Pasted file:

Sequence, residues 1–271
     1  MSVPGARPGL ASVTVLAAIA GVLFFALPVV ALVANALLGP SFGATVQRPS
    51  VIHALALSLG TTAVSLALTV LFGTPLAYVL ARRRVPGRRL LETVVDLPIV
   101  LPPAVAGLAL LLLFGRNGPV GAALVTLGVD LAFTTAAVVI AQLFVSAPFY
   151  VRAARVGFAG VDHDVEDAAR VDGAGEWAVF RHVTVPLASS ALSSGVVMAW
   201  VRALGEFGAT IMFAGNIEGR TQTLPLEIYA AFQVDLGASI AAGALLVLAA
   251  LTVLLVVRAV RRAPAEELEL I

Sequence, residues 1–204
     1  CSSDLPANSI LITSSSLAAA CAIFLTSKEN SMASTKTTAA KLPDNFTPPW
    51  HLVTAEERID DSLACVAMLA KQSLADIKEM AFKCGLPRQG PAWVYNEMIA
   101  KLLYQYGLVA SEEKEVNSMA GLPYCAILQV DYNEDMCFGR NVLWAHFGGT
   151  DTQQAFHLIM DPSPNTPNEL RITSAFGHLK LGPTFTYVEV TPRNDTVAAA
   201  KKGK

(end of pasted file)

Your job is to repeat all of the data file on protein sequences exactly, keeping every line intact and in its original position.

Sequence, residues 1–271
     1  MSVPGARPGL ASVTVLAAIA GVLFFALPVV ALVANALLGP SFGATVQRPS
    51  VIHALALSLG TTAVSLALTV LFGTPLAYVL ARRRVPGRRL LETVVDLPIV
   101  LPPAVAGLAL LLLFGRNGPV GAALVTLGVD LAFTTAAVVI AQLFVSAPFY
   151  VRAARVGFAG VDHDVEDAAR VDGAGEWAVF RHVTVPLASS ALSSGVVMAW
   201  VRALGEFGAT IMFAGNIEGR TQTLPLEIYA AFQVDLGASI AAGALLVLAA
   251  LTVLLVVRAV RRAPAEELEL I

Sequence, residues 1–204
     1  CSSDLPANSI LITSSSLAAA CAIFLTSKEN SMASTKTTAA KLPDNFTPPW
    51  HLVTAEERID DSLACVAMLA KQSLADIKEM AFKCGLPRQG PAWVYNEMIA
   101  KLLYQYGLVA SEEKEVNSMA GLPYCAILQV DYNEDMCFGR NVLWAHFGGT
   151  DTQQAFHLIM DPSPNTPNEL RITSAFGHLK LGPTFTYVEV TPRNDTVAAA
   201  KKGK